Left with very little option, Zoya tries to get rid of Kundan, who had been clinging onto her like a festering wound, refusing to heal and let her be at peace. She knew the consequences of her actions and also publicly accepted her guilt.

Alas, we were left with sympathizing with the guy.

Why didn’t we sympathize with Zoya earlier?

Was it because the guy, in order to teach the girl a lesson for refusing his advances, hadn’t thrown a bottle of acid on her face yet? Well, he wasn’t a picture of peaceful devotion either. Beating up a female childhood friend? Check. Using her unashamedly for his selfish purposes? Check. Driving into the river on a bike, with Zoya, in a fit of rage? Check. Proposing marriage to childhood friend and then dumping her at the last minute? Check.

There is something really wrong about portraying a woman as evil because she chose to live her life on HER terms and not some street ruffian’s. Why didn’t we root for Zoya  right from the beginning? Can it be called a ‘sweet love story’, when clearly, it was more about harassment and ego? One man’s at that!!

In a country so full of misguided youth who believe that any woman who refuses their advances doesn’t have a right to live in dignity, do we need such cinematic ‘heroes’ who show the wrong way? Is slitting of wrists the only way of achieving love? Of protesting? Isn’t it an act of self-pity ? When Zoya does it, we can understand, her loss is much more grievous. But why does Kundan do it so frequently? With his frame, he cannot afford to lose blood at the drop of a hat.

Street-sexual harassment, or ‘eve-teasing’ is a serious crime. It has extremely serious repercussions on the victim. Kundan’s stalking of Zoya for 8+ years and her continuous denial of ‘love’ show us two aspects to this ‘love-story’. An unemployed youth, with nothing better to do, will indulge in fantasies, which for him, take the shape of truth, his truth. A woman who says ‘NO’, means ‘NO’. A ‘NO’ will never translate into a ‘Yes’, even after the passage of time.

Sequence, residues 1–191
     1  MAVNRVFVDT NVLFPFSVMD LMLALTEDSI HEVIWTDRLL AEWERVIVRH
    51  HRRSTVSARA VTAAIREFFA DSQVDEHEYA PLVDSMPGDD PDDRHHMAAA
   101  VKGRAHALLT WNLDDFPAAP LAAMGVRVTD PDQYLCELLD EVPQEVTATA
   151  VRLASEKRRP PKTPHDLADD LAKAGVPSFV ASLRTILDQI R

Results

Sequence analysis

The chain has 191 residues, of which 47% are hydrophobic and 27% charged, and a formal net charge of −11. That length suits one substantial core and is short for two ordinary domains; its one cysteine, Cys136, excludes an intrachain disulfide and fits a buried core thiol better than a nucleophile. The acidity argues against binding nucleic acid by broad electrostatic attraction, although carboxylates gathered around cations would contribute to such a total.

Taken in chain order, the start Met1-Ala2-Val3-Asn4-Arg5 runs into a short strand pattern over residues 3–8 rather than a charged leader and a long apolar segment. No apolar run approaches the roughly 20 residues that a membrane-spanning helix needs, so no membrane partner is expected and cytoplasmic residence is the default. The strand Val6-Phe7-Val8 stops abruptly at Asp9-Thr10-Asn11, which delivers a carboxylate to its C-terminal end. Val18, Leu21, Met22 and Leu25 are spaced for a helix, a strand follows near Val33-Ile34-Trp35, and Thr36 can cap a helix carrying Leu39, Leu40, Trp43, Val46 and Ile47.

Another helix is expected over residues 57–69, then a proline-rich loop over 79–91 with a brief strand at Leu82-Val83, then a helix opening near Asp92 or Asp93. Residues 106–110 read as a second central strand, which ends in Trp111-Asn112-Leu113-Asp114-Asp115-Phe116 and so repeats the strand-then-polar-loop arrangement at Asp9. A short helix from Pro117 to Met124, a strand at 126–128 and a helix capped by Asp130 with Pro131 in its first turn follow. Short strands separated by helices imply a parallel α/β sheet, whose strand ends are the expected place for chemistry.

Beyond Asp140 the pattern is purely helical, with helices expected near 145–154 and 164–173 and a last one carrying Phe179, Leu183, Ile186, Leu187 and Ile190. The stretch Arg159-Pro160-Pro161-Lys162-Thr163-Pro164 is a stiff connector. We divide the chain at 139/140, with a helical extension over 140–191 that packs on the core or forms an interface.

I bet a similar ‘Kundan’ did this to Sonali –


Raanjhanaa gives out very wrong signals. The movie is making quite a lot of moolah….but I’m just worried about the impressionable youth who watch this film.

We don’t need such movies right now. Or ever.

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The twins, I regret to say, are no longer the wee innocents I took them to be. I think they crossed over to the smart-ass category right after they started school. For sure, in the last two years I have seen dramatic changes in the way they talk and express themselves. No longer do they simper or coo. Nopes. Its all over. The current trend is to yell, holler, scream, taunt, question, or just plain ignore. I believe it is the latest communication style in pre-schooler world. Or maybe, its just my two 😐

Anyhow, since they have a mouth, they will speak. Opinions have to be expressed. Questions have to be thrown at us, repeatedly. Disagreements have to be made loud and clear. Some recent conversations went like this :-

Lui is after me to open a small pack of Kelloggs Chocos.

Lui : (Simpering up to me) Mumma, please open this. Khul nahin raha. Please open it sweetie-pie.

I take the packet from her and rip it open.

Me : See pumpkin, thats how you tear it open. Else use a scissor.

Lui : (Haughtily)Haan, haan. Mujhe sab pata hai. Don’t teach me!

Me : 😐


I’m at a wedding dinner with the MIL and kids. We are seated at a round table which has 8 other people around it. I try my best to make the kids interested in the dinner, but they refuse to eat anything other than the rumali roti. I give up and dig into my plate, most of which had already cooled down considerably. Since most of us at the table didn’t really know each other, conversations were muted. You can say we were the most silent table in the hall. Midway through my meal, breaking the silence, chirps a voice full of derision.

Shobby : Mumma, zyada mat khao. Nahin to aap pehle se bhi zyada fat ho jaoge. Mai aapke achche ke liye bol raha hoon.